interhuman recognition and awareness of moral
universalisms filter through diplomatic discourse, interstate
political rhetoric and non-stateactor campaigns. Debates within
international organizations evidence reflection in ways that
discount the value of state borders and parochialisms when human
well-being and human development are persistently at stake.
compromises. These include shared coercive and extractive capacity
with foreign countries, state and non-stateactors. The DRC case illustrates that
state authority is seen as paramount to other post-conflict strategies like democratisation, economic reconstruction and even peace. However, it also illustrates
that state authority may be represented, mediated, shared or compromised by
other institutions, actors and even other competing state authorities.
This sociological understanding of peacebuilding goes beyond the hybridity
accounts. It analyses how macro, micro, present
institutions (particularly if associated with an increase in non-stateactor involvement), she uses the example of the ‘comprehensive
security’ and ‘human security’ discourses elaborated
by the Japanese government and ASEAN to point to the continued
centrality of the state (rather than individuals) and the extent of
limits in a regional context to fundamental change in security
conceptions and practices
context in which they are placed. To the extent that the International Law Commission addresses the role of other non-Stateactors in the formation of custom, the same question pertains to them too.
Thus, the International Law Commission should have taken one step back and pondered on the fundamental question of the relationship between subjects and custom in international law. One does not clearly understand whether international organisations matter in principle in the formation of customary rules since the International Law Commission did not provide a legal
upon the pleadings and observations submitted by both parties. From the moment when international tribunals opened the door for direct access by non-Stateactors, private persons acting as claimants actively began to affect the formation of international law through the tribunals. Such international tribunals are commonly created under a special treaty regime; however, their decisions may be extended to the interpretation and identification of a specific rule of customary international law as long as such an argument is raised by the claimant and it falls within
to, specifically those in the Middle East and African regions. China's counterpart
to the General Atomic MQ-9 Reaper, the CH-5 Rainbow, sells for about half the
price (Chen 2017 ). Moreover, the frequency of reports
indicating that non-stateactors, such as ISIS, are in possession of armed drones
is increasing and it is likely that this will be a trend that is difficult to
bring to a halt.
In all arenas where lethal drones are employed, it is difficult to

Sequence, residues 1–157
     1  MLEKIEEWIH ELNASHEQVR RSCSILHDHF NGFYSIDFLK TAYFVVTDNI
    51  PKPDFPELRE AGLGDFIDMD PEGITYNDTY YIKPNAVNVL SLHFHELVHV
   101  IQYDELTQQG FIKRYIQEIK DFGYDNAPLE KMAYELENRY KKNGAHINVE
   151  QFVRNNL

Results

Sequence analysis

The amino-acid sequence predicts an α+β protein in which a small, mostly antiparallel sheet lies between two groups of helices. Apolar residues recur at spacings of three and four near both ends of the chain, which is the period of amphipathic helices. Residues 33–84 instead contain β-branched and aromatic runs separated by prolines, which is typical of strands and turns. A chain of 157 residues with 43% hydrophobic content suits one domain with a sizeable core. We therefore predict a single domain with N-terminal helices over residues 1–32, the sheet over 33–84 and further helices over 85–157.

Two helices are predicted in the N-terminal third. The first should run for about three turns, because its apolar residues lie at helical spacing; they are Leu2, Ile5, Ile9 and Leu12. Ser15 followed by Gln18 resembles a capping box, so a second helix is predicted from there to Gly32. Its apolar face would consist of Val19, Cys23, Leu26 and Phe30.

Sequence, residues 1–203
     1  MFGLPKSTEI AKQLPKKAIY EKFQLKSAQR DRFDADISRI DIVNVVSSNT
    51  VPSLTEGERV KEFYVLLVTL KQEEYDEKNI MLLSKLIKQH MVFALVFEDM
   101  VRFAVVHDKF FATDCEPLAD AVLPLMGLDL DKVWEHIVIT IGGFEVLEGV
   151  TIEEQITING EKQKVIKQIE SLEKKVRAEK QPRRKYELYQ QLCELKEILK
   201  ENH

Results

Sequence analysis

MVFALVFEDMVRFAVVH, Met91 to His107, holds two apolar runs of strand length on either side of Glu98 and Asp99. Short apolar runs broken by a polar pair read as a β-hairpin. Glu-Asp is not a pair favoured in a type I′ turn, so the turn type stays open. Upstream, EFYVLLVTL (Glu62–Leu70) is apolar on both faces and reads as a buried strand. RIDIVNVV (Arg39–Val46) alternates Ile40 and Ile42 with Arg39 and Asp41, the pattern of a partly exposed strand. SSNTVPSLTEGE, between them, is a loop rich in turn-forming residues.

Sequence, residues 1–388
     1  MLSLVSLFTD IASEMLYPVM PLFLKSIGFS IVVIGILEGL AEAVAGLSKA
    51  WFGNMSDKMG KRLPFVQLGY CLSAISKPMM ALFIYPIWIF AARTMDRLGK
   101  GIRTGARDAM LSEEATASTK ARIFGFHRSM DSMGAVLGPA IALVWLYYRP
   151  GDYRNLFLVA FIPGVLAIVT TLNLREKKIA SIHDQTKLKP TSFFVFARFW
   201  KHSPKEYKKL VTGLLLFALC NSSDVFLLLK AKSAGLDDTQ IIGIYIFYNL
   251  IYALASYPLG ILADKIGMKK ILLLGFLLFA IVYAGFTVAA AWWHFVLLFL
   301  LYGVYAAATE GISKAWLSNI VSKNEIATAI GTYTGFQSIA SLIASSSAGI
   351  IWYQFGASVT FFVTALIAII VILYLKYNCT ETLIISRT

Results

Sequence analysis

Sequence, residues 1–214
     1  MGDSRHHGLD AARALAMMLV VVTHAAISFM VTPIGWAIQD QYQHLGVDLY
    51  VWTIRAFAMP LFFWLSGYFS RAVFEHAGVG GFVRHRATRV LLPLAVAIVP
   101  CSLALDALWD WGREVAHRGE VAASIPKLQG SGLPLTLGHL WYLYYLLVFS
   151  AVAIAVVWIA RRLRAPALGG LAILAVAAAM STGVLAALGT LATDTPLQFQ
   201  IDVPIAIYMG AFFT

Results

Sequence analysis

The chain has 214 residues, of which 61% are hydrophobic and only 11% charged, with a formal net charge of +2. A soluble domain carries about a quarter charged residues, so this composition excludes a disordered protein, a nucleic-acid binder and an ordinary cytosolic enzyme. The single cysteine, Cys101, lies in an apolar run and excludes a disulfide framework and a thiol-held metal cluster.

Klaus Brummer, Sebastian Harnisch, Kai Oppermann, and Diana Panke
distinct from public policy (Sprout and Sprout 1956 ; Snyder et al. 1962 ; Allison 1971 ; Hudson 2005 ). While public policy usually concerns policies in the domestic sphere, such as health, labor market, or infrastructure policies, foreign policy is about how a country acts in the international arena, for example vis-à-vis other state or non-stateactors or within international organizations (IOs).
The two policy realms are also often seen to differ systematically with regard to the distribution of formal decision-making authority and the
How transnational pharmaceutical groups manipulate scientific
Isabell Hensel and Gunther Teubner
For the current discussion in Germany, see
Rüfner, ‘Grundrechtsadressaten’; in a
historical perspective, see Stolleis, Geschichte des
öffentlichen Rechts , vol. 4, pp. 216 ff. On the legal
position in Europe, see Clapham, Human Rights Obligations of
Non-StateActors . For international law, see Gardbaum,
‘“Horizontal effect” of constitutional
the Party’s traditional commitment
to a limited state.
However, once the scale and severity of the post-2008 economic downturn
became apparent, the Conservative Party’s stance shifted further, as Cameron
promoted the concept of the ‘Big Society’, whereby a range of non-stateactors
would be encouraged to ‘deliver’ sundry public services and welfare provision.
This would entail a burgeoning network of charities, not-for-profit organisations,
philanthropists, ‘third sector’ bodies and voluntary groups becoming involved in
administering some of the activities hitherto
-old rivalry between states. They can hold other state and non-stateactors to account; act as democratising agents, giving under-represented peoples a ‘voice’ at the global level; and put social and moral issues onto the global agenda.
The notion that global civil society, or (I)NGOs, can contribute to plugging the democratic deficit associated with global governance is echoed by many IGOs. Most of these institutions, such as the United Nations, have had longstanding arrangements in place to consult with groups of various types (Gordenker and Weiss